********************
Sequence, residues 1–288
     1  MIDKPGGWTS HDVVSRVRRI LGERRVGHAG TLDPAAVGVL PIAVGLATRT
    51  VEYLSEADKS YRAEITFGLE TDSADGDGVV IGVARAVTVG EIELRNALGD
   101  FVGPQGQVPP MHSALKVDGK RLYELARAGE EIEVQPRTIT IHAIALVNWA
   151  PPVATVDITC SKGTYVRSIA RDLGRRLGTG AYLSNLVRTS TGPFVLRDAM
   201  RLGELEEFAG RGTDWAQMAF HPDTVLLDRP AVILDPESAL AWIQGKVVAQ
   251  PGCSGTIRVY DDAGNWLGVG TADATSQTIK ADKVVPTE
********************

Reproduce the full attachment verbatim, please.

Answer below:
Sequence, residues 1–288
     1  MIDKPGGWTS HDVVSRVRRI LGERRVGHAG TLDPAAVGVL PIAVGLATRT
    51  VEYLSEADKS YRAEITFGLE TDSADGDGVV IGVARAVTVG EIELRNALGD
   101  FVGPQGQVPP MHSALKVDGK RLYELARAGE EIEVQPRTIT IHAIALVNWA
   151  PPVATVDITC SKGTYVRSIA RDLGRRLGTG AYLSNLVRTS TGPFVLRDAM
   201  RLGELEEFAG RGTDWAQMAF HPDTVLLDRP AVILDPESAL AWIQGKVVAQ
   251  PGCSGTIRVY DDAGNWLGVG TADATSQTIK ADKVVPTE